17
Duality for general linear programs
In the previous section, we introduced the powerful idea of a “certiﬁcate of
optimality” for a feasible solution
x
*
of a linear program in standard equality
form. A certiﬁcate of optimality is simply a feasible solution
y
*
for the dual
problem whose (dual) objective value equals the (primal) objective value of
x
*
. This certiﬁcate constitutes a simple way to verify that
x
*
is optimal:
we simply need to check that
x
*
is primal-feasible, that
y
*
is dual-feasible,
and that the two corresponding objective values are equal, and we then have
a proof (by the Weak duality theorem) of optimality. The Strong duality
theorem guarantees that any optimal solution of a linear program in standard
equality form does indeed have a certiﬁcate of optimality.
Many linear programs in practice are not in standard equality form. In
this section we extend the idea of a certiﬁcate of optimality to general linear
programs. We know how to transform such problems into standard equality
form, so we could always resort to this technique before looking for a cer-
tiﬁcate. However, a more appealing approach is to seek a certiﬁcate that
reﬂects the structure of the original problem, so instead we retrace the steps
of the last section, but in a more general context.
Without much loss of generality, we can write any linear program in the
form
(
P
)
maximize
c
T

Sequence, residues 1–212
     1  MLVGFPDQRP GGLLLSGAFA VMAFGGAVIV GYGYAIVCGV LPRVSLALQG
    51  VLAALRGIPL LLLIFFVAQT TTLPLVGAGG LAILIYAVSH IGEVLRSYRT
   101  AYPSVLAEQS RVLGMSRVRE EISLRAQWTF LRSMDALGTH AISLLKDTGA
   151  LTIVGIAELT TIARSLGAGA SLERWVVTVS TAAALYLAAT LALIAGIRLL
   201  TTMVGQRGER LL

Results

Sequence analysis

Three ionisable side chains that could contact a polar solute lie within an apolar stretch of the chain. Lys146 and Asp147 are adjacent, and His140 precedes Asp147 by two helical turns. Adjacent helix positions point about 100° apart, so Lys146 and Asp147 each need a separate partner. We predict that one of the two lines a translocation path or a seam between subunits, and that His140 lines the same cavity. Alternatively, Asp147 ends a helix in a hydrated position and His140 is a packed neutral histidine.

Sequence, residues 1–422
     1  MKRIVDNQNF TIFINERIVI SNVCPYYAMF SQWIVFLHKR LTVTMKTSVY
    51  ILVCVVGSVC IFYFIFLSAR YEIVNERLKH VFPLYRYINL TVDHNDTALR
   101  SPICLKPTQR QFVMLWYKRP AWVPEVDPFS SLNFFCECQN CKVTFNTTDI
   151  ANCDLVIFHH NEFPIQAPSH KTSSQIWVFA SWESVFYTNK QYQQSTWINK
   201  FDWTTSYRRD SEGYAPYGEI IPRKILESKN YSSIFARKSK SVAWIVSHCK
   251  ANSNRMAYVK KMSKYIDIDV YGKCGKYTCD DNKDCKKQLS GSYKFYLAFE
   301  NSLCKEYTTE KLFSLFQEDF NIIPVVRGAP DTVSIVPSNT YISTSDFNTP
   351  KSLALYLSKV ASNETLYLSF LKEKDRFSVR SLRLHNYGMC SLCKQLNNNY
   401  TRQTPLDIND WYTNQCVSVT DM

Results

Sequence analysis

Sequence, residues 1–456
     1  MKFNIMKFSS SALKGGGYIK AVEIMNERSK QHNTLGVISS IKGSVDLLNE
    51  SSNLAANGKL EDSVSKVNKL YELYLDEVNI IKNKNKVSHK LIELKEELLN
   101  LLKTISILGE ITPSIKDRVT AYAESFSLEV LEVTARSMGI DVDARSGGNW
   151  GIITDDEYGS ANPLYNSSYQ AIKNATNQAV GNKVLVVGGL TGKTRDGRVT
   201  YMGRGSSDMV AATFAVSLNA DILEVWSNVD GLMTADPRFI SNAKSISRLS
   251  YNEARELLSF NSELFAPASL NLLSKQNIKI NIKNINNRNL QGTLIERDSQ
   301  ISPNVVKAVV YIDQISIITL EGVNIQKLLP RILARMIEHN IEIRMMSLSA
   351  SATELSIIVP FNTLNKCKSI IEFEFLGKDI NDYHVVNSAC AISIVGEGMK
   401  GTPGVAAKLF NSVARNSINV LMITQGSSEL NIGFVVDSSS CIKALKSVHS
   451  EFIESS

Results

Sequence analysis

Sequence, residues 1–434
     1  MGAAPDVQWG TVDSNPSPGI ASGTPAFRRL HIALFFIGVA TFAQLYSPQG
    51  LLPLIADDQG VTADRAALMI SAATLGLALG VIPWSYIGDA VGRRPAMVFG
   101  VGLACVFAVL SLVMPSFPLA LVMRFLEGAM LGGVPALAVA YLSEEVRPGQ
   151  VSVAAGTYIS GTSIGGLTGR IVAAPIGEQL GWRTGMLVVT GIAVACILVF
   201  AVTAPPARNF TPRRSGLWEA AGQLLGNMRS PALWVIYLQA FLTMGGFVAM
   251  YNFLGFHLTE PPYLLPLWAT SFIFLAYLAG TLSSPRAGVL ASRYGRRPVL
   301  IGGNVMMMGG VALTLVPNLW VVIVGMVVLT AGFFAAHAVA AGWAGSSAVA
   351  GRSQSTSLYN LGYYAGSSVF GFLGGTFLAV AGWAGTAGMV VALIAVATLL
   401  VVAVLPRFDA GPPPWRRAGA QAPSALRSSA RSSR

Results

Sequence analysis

x
+
d
T
w
subject to
Ax
+
Ew
=
b
Fx
+
Gw
≤
e
x
≥
0
,
w
free
,
for some given vectors
c, d, b, e
and matrices
A, E, F, G
of appropriate sizes.
The variables are the vectors
x
and
w
. As in a standard equality-form prob-
lem, each component of
x
is non-negative, whereas each component of
w
is
“free”, or in other words, unrestricted in sign.
We follow the same approach to construct the dual problem as before: we
seek upper bounds on the optimal value by taking linear combinations of the
constraints and comparing the result to the objective function. Beginning
with the equality constraints, if we take the
i
th constraint, multiply it by
any number
y
i
, and add up the results, we arrive at the equation
y
T
(
Ax
+
Ew
) =
y
T
b.
This equation must hold for any feasible pair of vectors (
x, w
). Turning to the
inequality constraints, we can multiply inequality
j
by any number
u
j
≥
0 to
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